"Of course." Angela motioned him toward the treatment room doors. "If you need anything, just get someone at the front desk to page me."

Dean nodded curtly and pushed through the treatment room doors, pausing just inside. Sam's eyes were closed, his lips slightly parted. Under the harsh fluorescent lighting, he appeared washed of color, as pale as the bandages that wrapped from elbow to wrist--a sharp contrast to the dark red of the blood feeding into his arm. Despite his frail appearance, a heart monitor beeped steady reassurance, loosening the knot in Dean's chest.

Movement to his left caught Dean's eye. The doctor--Angela had called him Chambers--finished writing something on a chart and looked up with a smile.

"I'm Rick Chambers," he said quietly, extending his hand. "You're Sam's brother?"

Dean shook it with a nod. "Dean."

"I'm sure Angela's already given you the rundown," Chambers said. "We'll let Sam rest here a little longer, make sure he's stable, and then send him upstairs."

Dean couldn't stop his gaze from wandering back to Sam's pale face. "I'd like to stay with him, if that's okay."

"No problem." Chambers hung the chart on the end of the bed. "Don't worry if he seems out of it. We gave him something for the pain--despite his protests." He shook his head. "Your brother's tough. And stubborn."

Dean huffed. "Runs in the family."

Chambers raised an eyebrow but simply said, "I'll stop by to check on him once he's settled in a room."

"Thanks," Dean said, knowing they'd be long gone before that happened. The insurance info, while good enough for a first pass, wouldn't hold up under scrutiny.

He waited for Chambers to exit the room, then walked slowly to the gurney. Sam's breathing was slow and steady, his face open and vulnerable in a way Dean only saw these days if he was sleeping. He swallowed hard against the lump in his throat and the sudden, sharp longing to turn back time and reclaim his little brother.

He found a chair and placed it beside the bed, sinking down with a soft sigh. The staff had stuffed the shreds of Sam's bloodied t-shirt into a plastic bag beneath the gurney. The metallic bite of blood triggered an abrupt sense-memory: cradling the warm weight of Sam's body, one hand pressed uselessly against the flow of lifeblood pumping from his back.

A shudder vibrated through Dean, the hairs on the back of his neck standing up. It was all burned into Dean's brain in high-def, 3-dimensional clarity: feeling the soft puff of Sam's breath against his neck as it stuttered and stilled, his body suddenly looser, heavier, his blood turning tacky and cool . . . Watching Sam die, being helpless to stop it--Dean had been certain nothing in his life could ever be worse.

Now . . . Now he wasn't so sure.

In Cold Oak he'd lost Sam's body. These days it seemed he was losing Sam's soul. Everything that made his little brother good and real and Sam was slipping away. And the more he tightened his grip, tried to hold on, the more Sam slipped through his fingers. Hell, half the time it didn't even feel like it was Sam beside him anymore. It felt a lot more like--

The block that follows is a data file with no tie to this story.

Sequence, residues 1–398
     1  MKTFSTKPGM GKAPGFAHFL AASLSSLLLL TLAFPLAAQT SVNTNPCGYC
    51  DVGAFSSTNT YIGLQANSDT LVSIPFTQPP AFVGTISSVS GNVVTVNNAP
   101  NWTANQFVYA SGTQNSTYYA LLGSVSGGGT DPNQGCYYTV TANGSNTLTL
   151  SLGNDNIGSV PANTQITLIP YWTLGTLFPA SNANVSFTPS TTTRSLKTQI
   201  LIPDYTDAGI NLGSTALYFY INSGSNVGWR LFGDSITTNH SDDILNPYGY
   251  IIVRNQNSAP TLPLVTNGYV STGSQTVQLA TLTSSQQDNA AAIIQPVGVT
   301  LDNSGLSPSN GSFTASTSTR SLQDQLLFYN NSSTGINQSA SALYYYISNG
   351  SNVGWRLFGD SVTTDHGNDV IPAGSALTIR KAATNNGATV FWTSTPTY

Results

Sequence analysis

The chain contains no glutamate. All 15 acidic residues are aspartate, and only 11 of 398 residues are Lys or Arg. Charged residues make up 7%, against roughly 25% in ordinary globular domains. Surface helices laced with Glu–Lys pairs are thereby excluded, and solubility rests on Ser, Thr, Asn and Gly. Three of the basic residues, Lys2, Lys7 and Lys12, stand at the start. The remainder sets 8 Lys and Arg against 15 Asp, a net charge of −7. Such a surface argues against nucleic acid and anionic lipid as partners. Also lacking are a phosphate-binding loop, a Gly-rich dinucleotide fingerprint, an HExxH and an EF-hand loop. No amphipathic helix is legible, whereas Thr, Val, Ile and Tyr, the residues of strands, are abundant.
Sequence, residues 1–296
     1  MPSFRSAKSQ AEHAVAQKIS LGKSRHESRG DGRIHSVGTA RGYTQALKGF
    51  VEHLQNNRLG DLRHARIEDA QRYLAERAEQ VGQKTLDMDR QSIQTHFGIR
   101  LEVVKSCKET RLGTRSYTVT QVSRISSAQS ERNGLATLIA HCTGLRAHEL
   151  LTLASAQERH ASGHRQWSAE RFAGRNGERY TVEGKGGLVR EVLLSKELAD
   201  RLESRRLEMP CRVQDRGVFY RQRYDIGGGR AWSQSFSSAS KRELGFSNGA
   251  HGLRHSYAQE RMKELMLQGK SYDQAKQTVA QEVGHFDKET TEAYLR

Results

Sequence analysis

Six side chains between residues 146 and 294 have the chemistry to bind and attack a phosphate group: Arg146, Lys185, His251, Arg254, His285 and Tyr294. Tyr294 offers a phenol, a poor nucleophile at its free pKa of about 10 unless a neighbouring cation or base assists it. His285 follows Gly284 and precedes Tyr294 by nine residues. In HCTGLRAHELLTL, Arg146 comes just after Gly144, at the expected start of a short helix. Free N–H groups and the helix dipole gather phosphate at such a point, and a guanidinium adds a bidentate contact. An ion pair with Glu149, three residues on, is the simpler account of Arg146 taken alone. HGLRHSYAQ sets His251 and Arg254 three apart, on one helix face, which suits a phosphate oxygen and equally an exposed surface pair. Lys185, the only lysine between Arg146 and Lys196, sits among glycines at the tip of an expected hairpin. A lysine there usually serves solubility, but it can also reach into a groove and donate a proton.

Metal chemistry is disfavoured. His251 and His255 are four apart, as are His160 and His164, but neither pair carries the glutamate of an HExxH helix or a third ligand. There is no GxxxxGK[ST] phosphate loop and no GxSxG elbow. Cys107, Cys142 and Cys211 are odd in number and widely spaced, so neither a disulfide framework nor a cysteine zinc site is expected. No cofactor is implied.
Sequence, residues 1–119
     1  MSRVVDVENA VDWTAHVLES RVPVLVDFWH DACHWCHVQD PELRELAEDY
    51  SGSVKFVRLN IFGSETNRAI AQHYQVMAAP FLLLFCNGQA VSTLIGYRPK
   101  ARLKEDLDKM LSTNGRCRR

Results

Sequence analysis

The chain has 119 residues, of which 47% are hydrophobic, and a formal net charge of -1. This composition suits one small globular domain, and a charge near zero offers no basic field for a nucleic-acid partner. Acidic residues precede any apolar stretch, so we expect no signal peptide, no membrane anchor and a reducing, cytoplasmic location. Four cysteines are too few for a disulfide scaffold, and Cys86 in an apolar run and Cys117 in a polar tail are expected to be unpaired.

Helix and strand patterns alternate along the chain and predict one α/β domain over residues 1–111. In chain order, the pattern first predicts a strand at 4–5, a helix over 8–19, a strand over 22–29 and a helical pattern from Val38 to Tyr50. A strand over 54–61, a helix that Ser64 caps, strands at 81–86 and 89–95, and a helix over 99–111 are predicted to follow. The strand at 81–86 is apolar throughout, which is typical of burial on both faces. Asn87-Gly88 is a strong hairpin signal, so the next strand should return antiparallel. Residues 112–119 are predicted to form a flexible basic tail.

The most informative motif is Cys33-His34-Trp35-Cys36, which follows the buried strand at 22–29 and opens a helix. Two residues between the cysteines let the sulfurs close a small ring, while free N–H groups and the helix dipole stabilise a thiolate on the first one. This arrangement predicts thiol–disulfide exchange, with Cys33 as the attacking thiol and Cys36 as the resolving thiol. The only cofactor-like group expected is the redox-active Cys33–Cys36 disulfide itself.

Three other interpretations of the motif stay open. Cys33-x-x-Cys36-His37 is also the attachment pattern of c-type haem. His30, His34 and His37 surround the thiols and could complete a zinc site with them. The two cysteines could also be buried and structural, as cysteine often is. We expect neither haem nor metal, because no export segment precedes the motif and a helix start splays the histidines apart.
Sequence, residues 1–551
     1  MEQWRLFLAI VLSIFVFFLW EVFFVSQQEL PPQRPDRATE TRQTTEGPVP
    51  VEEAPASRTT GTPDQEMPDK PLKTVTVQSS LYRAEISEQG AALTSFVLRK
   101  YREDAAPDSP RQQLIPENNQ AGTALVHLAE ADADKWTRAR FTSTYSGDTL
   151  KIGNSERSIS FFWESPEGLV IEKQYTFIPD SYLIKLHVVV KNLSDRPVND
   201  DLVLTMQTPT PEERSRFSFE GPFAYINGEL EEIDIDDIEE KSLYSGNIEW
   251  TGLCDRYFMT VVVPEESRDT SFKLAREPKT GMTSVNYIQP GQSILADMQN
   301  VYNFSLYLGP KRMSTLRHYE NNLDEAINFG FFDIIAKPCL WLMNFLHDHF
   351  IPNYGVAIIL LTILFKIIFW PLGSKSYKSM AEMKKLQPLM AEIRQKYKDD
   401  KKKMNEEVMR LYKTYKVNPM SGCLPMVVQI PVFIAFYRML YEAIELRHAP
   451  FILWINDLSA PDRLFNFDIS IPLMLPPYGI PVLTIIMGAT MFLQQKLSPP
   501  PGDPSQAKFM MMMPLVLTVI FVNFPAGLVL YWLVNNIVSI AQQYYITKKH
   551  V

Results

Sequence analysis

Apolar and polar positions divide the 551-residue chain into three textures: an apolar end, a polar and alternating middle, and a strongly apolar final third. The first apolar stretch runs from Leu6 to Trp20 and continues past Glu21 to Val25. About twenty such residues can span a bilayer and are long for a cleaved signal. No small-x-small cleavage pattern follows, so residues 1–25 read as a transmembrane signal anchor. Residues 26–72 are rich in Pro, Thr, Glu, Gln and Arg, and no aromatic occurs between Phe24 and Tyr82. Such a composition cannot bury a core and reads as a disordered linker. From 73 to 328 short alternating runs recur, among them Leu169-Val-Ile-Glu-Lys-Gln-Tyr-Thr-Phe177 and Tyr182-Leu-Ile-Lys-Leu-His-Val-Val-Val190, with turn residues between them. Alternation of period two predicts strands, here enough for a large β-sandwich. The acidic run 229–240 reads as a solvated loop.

"Dean!" Sam bolted upright--or tried. Bandaged arms flailing, he made it halfway before dropping back with a groan.

"Hey, hey. Take it easy." Dean placed his hand on Sam's chest, felt rapid, shallow breaths as the heart monitor picked up the beat. "Hospital, Sammy. You're safe."

At the sound of his voice, Sam's gaze--which had been darting around the room--locked onto Dean's face. He sucked in a deep breath and the beeping dropped to a more normal pace. With a frown he lifted his arms and blinked at them.

"Arms hurt?" Dean asked, amused by the confused, pupil-dilated gaze. Sam on painkillers was always worth the price of admission.

"Dude, I can't even tell I've got arms." Sam's eyelids drifted shut and he popped them open, comically wide. "You okay?"

Dean fought a grin--Sam got pissy if he thought he was being laughed at. Normally that was all good fun, but the kid deserved a break, at least for now. "Me? I'm not the one who was mistaken for an all-you-can-eat buffet."

He regretted the words when Sam shivered and swallowed hard, looking nauseous. "She had her mouth on me, man. For a minute there I really thought . . ."

"Not on my watch," he growled, anger at what little he'd seen surging afresh. "Anyway, she's toast. They both are."

The tension drained from Sam, and one corner of his mouth turned up. "Thanks for having my back."

"Always, Sammy," he said, voice rough. "You know that."

After a moment of silence, Sam cleared his throat. "He really was our brother you know."

"Yeah." Dean scrubbed both hands over his face, the exhaustion he'd managed to hold at bay crashing abruptly through him. "Kid was dead before we knew he existed. I know I didn't exactly jump on the Adam bandwagon, but . . . I'm sorry we couldn't save him."

"Me too." Sam yawned, eyelids fluttering. "Might be for the best, though."

Like a splash of freezing water, the words brought Dean fully awake. "What?"

"No skills . . . training," Sam mumbled. "He'd've been liability . . . can't afford now. Have to stay focused . . . find Lilith . . ." He trailed off with a soft sigh, asleep.

Dean stared, his throat dry and tight. Shaggy brown hair. Eyes that tilted at the corners. Mole on the cheek. He knew every line and angle. A face so familiar. So loved. So Sam.

Yet suddenly, no matter how hard he looked, he couldn't see his brother.

Suddenly, he could only see Dad.